Bad Morality: The Flaw with the Threefold Law
`Ever mind the Rule of Three,
Thrice shall acts return to thee.`
Neopagans, particularly eclectic Witches and neo-Wiccans, across the world are familiar with the concept expressed by this rhyme and others like it. It’s often presented as a universal moral precept. It claims that whatever one does, especially magically, will return to the source of action, i.e. the caster, three times as beneficial or harmful. It is taught and often spoken of as a moral code by which all witches should abide because if a witch were to misbehave, her negativity will return to her three times as worse than she had sent out.
No information is given as to whom or what is dispensing the amplified justice. Perhaps the Gods, but then, the question is begged: why three? Why should anything one does return to him or her three times over? Is that even fair? Is it just to deliver a punishment three times worse than the crime? And, what of all those do-gooders who live in dire straits who have yet to reap this threefold reward? Not to mention all the questions about the mechanisms by which this threefold return occurs: is it a natural occurrence in the universe? If so, why is it not seen in the natural universe? Why does the universe (and many neopagan religions) tend towards balance and not threefold?
Nevermind all that. It’s really irrelevant because the real problem is that the Threefold Law doesn’t really teach morality or ethics. It doesn’t provide insight on how a witch might come to a moral course of action nor does it provide the witch with an authoritative framework upon which he can judge what is right and wrong or good and evil. According to the Cambridge Dictionary morality is “a personal or social set of standards for good or bad behaviour and character, or the quality of being right, honest or acceptable.” Many of us would agree with this definition or offer another that would closely approximate the meaning of the word. We might even all agree that morality is the concern for the propriety and justness of our actions as well as how those actions may affect our lives and the lives of others. Indeed, for many–if not all–pagans, a moral decision must necessarily consider the welfare of others–human, animal, or planet. And yet, there is no hint of what is right and wrong or good and evil within the warning of the “Law”.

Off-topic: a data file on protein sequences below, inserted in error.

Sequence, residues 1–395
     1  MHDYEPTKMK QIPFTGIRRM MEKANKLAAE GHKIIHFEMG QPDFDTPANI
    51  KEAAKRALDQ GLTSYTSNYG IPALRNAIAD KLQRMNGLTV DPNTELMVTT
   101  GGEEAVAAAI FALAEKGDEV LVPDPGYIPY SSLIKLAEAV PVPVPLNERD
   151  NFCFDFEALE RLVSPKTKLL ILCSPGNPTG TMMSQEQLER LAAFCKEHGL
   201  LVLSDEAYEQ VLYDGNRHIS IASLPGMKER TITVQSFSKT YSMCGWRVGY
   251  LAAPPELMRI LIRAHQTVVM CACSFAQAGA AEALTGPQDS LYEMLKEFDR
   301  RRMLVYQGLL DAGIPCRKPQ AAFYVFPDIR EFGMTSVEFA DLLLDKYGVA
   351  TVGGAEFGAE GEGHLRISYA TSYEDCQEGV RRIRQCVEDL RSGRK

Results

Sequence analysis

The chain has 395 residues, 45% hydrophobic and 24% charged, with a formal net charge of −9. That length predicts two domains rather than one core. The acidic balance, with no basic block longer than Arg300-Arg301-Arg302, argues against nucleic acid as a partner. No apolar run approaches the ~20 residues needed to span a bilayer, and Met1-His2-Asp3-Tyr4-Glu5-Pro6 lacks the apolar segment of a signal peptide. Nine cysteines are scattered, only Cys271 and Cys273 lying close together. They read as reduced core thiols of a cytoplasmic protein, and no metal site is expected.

In fact, the Threefold Law addresses only one concern: whether the action may benefit or harm the witch. It speaks only to the happiness and benefit of the witch without any concern to the effects his actions may have upon those around him. Furthermore, being that the Threefold Law offers no statements about the nature of good and evil or right and wrong, it, unintentionally but necessarily, implies that an action is only inadvisable because of the harm it will reap for the witch, himself.
The entire crux of the lesson the Threefold Law gives its believers is that one should behave, otherwise, one will be punished exponentially. It doesn’t even say that unjust or heinous actions are wrong on their own merits, but, simply, that you shouldn’t do them because some-one/thing will wrong you thrice as bad. It reveals nothing about the importance of a single person and his actions within a macro-cosmic dynamic; it speaks nothing about our responsibilities to each other and the universe, itself; and it teaches nothing about sympathetic relationships.
I could even argue without much stretch of the imagination that the Threefold Law is hedonisitc in nature, being concerned only with the happiness and well-being of the self. But, that’s an argument for another day, perhaps.
Personally, I prefer a tiny excerpt from the beautiful “Charge of the Goddess” by Doreen Valiente:
For mine is the ecstasy of the Spirit,
and Mine also is joy on Earth;
for My law is love unto all beings.